Six-year-old Mylah Bryant has a blood disease (aplastic anemia) that required chemotherapy and a bone marrow transplant at Cincinnati Children’s Hospital Medical Center.
Not only did doctors discuss making her well, they asked her parents if they wanted to preserve tissue so she could reproduce years later without the damaging effects of chemotherapy.
It was a lot to think about, according to Mylah’s dad Matthew, but because his daughter jokingly said “she wanted 1,000 children,” he knew being a mother was important to her. This decision was on top of other decisions he and his wife needed to make.
“A lot of paperwork signing. You do the consents and somebody says ‘hey what do you think about taking out your daughter’s ovary?’ Um, ok, and so we kind of left it at that. There’s a lot of information, a lot of it is a blur.”
It was Children’s Fertility Navigator Olivia Frias who introduced the idea to the Bryants and explained the specifics. She sees about seven to ten new patients a week. She says, “Of course there’s so many emotions, a malignancy or maybe they have found some type of blood disorder that’s going to warrant them a BMT (bone marrow transplant). But at the end of the day parents are very enlightened when they hear about this information and they are thankful about hearing about this.”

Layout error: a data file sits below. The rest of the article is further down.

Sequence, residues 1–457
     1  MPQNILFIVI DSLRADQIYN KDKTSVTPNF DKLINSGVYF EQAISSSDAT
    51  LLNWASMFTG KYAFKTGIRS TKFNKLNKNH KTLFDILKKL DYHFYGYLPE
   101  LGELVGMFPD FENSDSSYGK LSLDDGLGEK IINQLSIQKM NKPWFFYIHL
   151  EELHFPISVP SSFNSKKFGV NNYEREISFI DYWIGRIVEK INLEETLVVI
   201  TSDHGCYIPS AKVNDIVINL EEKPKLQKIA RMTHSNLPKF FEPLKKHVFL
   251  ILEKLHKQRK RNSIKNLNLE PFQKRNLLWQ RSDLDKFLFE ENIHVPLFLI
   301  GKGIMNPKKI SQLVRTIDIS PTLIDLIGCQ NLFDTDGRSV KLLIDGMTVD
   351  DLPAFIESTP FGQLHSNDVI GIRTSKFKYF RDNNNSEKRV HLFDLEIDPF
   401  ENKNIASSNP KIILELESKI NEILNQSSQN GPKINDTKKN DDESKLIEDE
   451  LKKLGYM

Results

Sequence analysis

The Children’s Comprehensive Fertility Care and Preservation program team has been together since 2009 and today only a handful of hospitals offer it. Dr. Lesley Breech is director of the division of gynecology.
“Our philosophy is that every new patient to our cancer and blood disorders institute have a fertility consult and we would meet with them and talk about the options for that age patient or if the patient is after puberty or before puberty… all those implications about what choices would be available for the patient or the family.”
Breech says no patient is really too young or too old. Deciding to remove ovarian or testicular tissue or eggs or sperm depends on how great the risk from chemotherapy and radiation will be.
The removal and processing is not cheap. At the hospital it can range from $5,000 to $15,000. Storage at places like Reprotech is $200 to $400 a year. But Dr. Breech says there are charitable organizations that help with the cost.
Since 2012, Children’s has performed 40 such procedures. The families who choose to do it must agree to donate 20 percent of the material to research. They keep 80 percent. Frias explains, “So that 20 percent is going off to the research world and what does that mean for the parents? Are there going to be babies running around with their child’s DNA? That can always be a concern and we do our best to reassure them that is not the case at all. This is strictly for research purposes.”
The material is stored at Reprotech until the patient wants to become pregnant.
Fertility preservation is still experimental but doctors in Belgium report this year the first live birth by a 27-year-old woman who had ovarian tissue preserved when she was 13 before getting chemotherapy for a bone marrow transplant.